I just got back from church (a.k.a. running in nature with my dog). While I was running, I mulled over 2 blog topics for today. In the first one I was going to write about standardized testing and it was going to be strong and pointed and I was going to use research and data. I started running slower just thinking about it- it just felt so heavy and negative.
So, this is the other post and I am going to show you how the topics in the title all connect.
On Friday, I got to do one of my favorite things at work and that is welcoming a new student to our center and her family to our community. We got a student from a new refugee group to our city. They have been through a lot. Their caseworker brought mom, dad, student, and her little sister to meet us.
I love to be the welcoming committee. I look at them and smile my biggest smile and tell them how glad we are that they're here. Welcome to the United States and welcome to the community. This is a great place. We'll help you. I tell them I can only imagine how hard life has been in the past few years, and I know everything must be very overwhelming right now, but we're here to help. I tell them I'll take care of their daughter. The parents started to smile; their shoulders relaxed a little; and they seemed more at ease... There are many things I'm not good at, but welcoming new students, I can do.
This got me to thinking about how we all just want to be "seen". How do we acknowledge people in our lives every day? How do we stop and say, just for a moment, "I see you. I'm glad you're here. You're valuable. I want to know your story. I want to know you." As with many things, this starts in the smallest way, in the most personal way, and then extends out to the rest of your life.
So, I welcome new refugees to our community. How do I greet my students every day? How do I interact with my colleagues? How do I connect with my own family when I get home?
My colleague says her favorite part of the school day is greeting our students in the morning. I so agree. Our kids are happy to be there. We get hugs, hand shakes, high fives, lots of smiles. I'm willing to concede that not all middle-schoolers act this way and that's why I love this job and I'm stickin' with it.
Don't forget to say hello to your students. It's SO basic, but it doesn't always happen in classrooms. Let them know that you're glad to see them. If you're having a bad day, fake it. It's not their fault. I also teach my students how to say hello to each other during our morning meeting and I like to think they'll carry this skill with them for the rest of their lives.
On to your colleagues who you spend more time with than your family some days, so let's enjoy each other. We're at a new school this year so I'm still meeting people. One of my colleagues officially introduced himself to me about a month ago, and he said he knew that I was one of the teachers in the center but he just hadn't had a chance to say hello. He said that he had noticed me because "I walked around with a big smile on my face and always said hello." I really cracked up at this. I know it's true, and it's not fake. I'm just a BIG believer in saying hello and good morning And, the smile is genuine and natural. You get back what you put out. And, besides, I think my smile is one of my better features. I have dimples from my mom who got them from my grandpa, And, you gotta use what you got, right?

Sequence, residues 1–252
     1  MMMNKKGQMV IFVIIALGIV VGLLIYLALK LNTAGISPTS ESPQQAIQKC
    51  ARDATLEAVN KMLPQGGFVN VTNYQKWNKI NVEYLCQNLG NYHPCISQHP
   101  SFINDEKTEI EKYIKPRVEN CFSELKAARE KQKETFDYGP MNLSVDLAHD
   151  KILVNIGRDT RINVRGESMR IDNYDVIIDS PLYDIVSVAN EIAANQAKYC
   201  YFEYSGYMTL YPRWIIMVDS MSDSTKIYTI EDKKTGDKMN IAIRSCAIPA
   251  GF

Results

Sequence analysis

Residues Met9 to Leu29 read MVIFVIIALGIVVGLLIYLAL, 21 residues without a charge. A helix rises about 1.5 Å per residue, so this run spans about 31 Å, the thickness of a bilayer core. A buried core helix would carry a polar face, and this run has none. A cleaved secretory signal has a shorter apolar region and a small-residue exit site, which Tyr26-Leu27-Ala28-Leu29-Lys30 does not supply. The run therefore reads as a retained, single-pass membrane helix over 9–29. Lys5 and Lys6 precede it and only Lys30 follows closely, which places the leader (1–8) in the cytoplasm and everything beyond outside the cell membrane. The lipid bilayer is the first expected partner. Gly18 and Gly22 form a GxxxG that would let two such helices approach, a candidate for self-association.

I once worked at a job and when I was new, I started to notice that not everybody said hello, EVEN if you said hello first. The first few times this happened to me, I got paranoid and rushed to look into a mirror to see if I had something disgusting hanging from my nose. Nope. I continued to say hello anyway.
I have a friend who is a retired teacher and a runner and probably the most positive person I have ever met in my life. He did an experiment once. He collected data while running about how many people said hello to him. His statistical analysis revealed that people almost always say hello back if you say it first. His conclusion- put out what you want to get back.
Okay, so now you're tired and you've been positive and connected with colleagues and students all day. You just want to go home and have some peace and quiet. But, now you're going to be with the most important people of all- your family and they need you, too. And, you need them.
"Does your face light up when your children walk into the room?" asks brilliant author Toni Morrison. If it does, that's good, because then your face shows your children what you feel in your heart. The first thing I do when I get home is to kiss and hug my children, now 12 and 16, and it's an essential part of our day.
Mr. Husband is a specialist in reconnecting at the end of the day. He has helped me get better at this and focus on what's really important. He'll always greet us all as soon as he gets home. If I try to brush him off or give him a quick, fake kiss, he always calls me on it. He says something like, "Come on, just slow down for a minute. Don't be lame! Give me the real deal!." Then I do, with the kids groaning in the background.
Something so small, yet with the ability to have such a huge impact- how we say hello, how we smile at people, and how we welcome them. Small gestures that can mean so much.